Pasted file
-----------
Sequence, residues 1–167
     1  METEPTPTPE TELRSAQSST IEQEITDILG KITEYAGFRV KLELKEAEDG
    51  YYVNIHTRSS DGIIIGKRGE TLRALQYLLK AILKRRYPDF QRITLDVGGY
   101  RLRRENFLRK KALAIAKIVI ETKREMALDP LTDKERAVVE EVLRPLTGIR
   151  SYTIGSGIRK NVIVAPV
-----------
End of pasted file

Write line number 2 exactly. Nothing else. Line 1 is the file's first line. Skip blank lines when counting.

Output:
     1  METEPTPTPE TELRSAQSST IEQEITDILG KITEYAGFRV KLELKEAEDG